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Thread: Sour grapes (and espresso!)

  1. #1
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    Sour grapes (and espresso!)

    Gene Cafe Coffee Roaster $850 - Free Beans Free Freight
    Hi Guys,

    I recently bought 250g of Costa Rica Tarrazu from CoffeeCo.com.au which seems to have a "funny taste" to it. My steam wand is currently under construction so Ive been delving into the world of espresso (being the base for all my milk based drinks anyways, I should learn to have a good grip on it anyways).

    After thoroughly tasting my espressos I decided that taste was most definitely sour.

    I have a Nemox Fenice Dell Opera, which Ive let heat up over a good few hours and pulled plenty of blank shots through and ensured the heat light is off (indicating its ready), so it shouldnt be a problem with too cold a brew temp. I mean, Im no temp surfing nut, but the machine is definitely well and truly heated through.

    I dont recall getting such a sour taste from other beans so Im trying to think what might be the problem.

    Ive tried changing a few variables;

    Finer grind with not quite so hard a tamp - still sour :-/
    Slightly less fine grind, more dose and harder tamp -- more body, but still distinctly sour

    My pull times are always more than 25 secs and less than 60 secs; I would say that they are leaning towards too fine a grind or too hard a tamp, but before I go adjusting one or the other I thought Id see what you guys recommend.

    The beans still seem relatively gassy, but they are a lot more settled than they were when I got them. I am getting a decent amount of crema but it seems almost bubbly rather than smooth and creamy, which is what leads me to believe the beans are gassy. Of course, if this can be caused by something else, let me know.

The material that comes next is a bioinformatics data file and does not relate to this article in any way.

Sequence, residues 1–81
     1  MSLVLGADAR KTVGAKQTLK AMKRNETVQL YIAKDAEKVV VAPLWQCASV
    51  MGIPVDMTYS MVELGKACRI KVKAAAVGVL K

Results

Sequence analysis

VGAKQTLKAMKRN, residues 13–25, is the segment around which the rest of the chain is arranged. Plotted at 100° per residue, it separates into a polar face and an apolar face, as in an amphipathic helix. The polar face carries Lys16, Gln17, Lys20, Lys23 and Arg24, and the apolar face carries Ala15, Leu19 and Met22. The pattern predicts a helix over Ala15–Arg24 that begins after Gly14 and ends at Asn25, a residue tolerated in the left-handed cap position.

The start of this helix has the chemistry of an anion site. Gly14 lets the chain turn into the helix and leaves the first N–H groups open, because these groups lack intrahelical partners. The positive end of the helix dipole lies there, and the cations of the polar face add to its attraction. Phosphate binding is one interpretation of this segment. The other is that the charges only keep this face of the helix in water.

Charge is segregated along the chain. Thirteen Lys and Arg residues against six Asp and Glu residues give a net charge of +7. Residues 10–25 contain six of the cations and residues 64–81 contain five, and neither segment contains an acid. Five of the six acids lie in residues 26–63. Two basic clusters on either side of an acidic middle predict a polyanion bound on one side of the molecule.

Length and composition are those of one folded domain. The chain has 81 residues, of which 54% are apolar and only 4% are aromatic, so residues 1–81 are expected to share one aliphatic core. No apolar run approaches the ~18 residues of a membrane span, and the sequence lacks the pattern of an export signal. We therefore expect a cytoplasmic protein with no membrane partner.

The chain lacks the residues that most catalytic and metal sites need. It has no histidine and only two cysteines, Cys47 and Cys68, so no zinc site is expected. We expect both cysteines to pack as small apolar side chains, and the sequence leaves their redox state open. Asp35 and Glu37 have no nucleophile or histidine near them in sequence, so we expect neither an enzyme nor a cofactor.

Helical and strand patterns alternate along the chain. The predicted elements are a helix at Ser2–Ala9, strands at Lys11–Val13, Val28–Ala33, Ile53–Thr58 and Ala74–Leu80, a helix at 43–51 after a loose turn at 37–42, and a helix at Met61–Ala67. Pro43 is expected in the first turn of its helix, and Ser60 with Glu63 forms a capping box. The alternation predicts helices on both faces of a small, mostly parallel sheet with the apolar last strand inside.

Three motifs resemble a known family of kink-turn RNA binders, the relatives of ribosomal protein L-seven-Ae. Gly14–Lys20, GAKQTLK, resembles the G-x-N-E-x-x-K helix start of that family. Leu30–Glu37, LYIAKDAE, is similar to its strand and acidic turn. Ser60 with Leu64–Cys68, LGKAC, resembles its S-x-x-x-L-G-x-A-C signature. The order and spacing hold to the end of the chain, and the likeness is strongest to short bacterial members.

Any pointers on what I can do if my brew is sour like this?

    cheers

    Lachlan

  2. #2
    Super Moderator scoota_gal's Avatar
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    Re: Sour grapes (and espresso!)

    Well, this might not be of any help to you Lachlan, but I thought Id reply anyway! ;)

    We just recently experienced a sour batch of coffee at work. At first it didnt seem obvious until later in the day when the boss lady and I tried the coffee and nearly spat it out on the floor!

    A regular who comes in for his shot said it tasted bitter, especially after I had done all my usual steps to produce the perfect shot for him and I was left scratching my head in confusion. As the day went on, so it seemed the coffee soured even more! Probably because it was warming up inside the shop and the beans were letting off more of their odor.

    We removed the offending beans from the hopper and decided that their smell was odd and that the coffee flavour was coming from them. In the end, we just chucked them out. Not much more we thought we could do. Especially as our supplier is not just around the corner! (rather a full days drive away!)

  3. #3
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    Re: Sour grapes (and espresso!)

    Hey Scoota,

    I guess being that I am still relatively new to the world of espresso machines I am more inclined to blame my technique first.

    I do have another batch of beans from the same order of a different variety. It will be interesting to see if they seem "normal".

    Unfortunately I only have the one truly airtight container so Im not too keen on ripping into the next vac pack of beans as it means something is going to end up in a subpar plastic container.

    I was hoping to see what the other CSers thought/recommended over the day and try another couple of shots tonight. If its still overwhelmingly sour Ill try the other batch of beans -- that should at least tell me definitively whether my technique sucks or the beans are just dodgy.

    Thanks again for the feedback -- its good to know that sometimes it *can* just be the beans.

    Lachlan

  4. #4
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    Re: Sour grapes (and espresso!)

    Quite possibly the beans,
    I have roasted several batches of Costa Rica Terrazu, mainly for plunger/Filter brewing and not really been keen on the flavour, but I think that was a personal preference rather than a fault.
    However having said that, ..
    one batch of beans that I roasted (cant remember now what they were) had one of the "stinker" beans in it,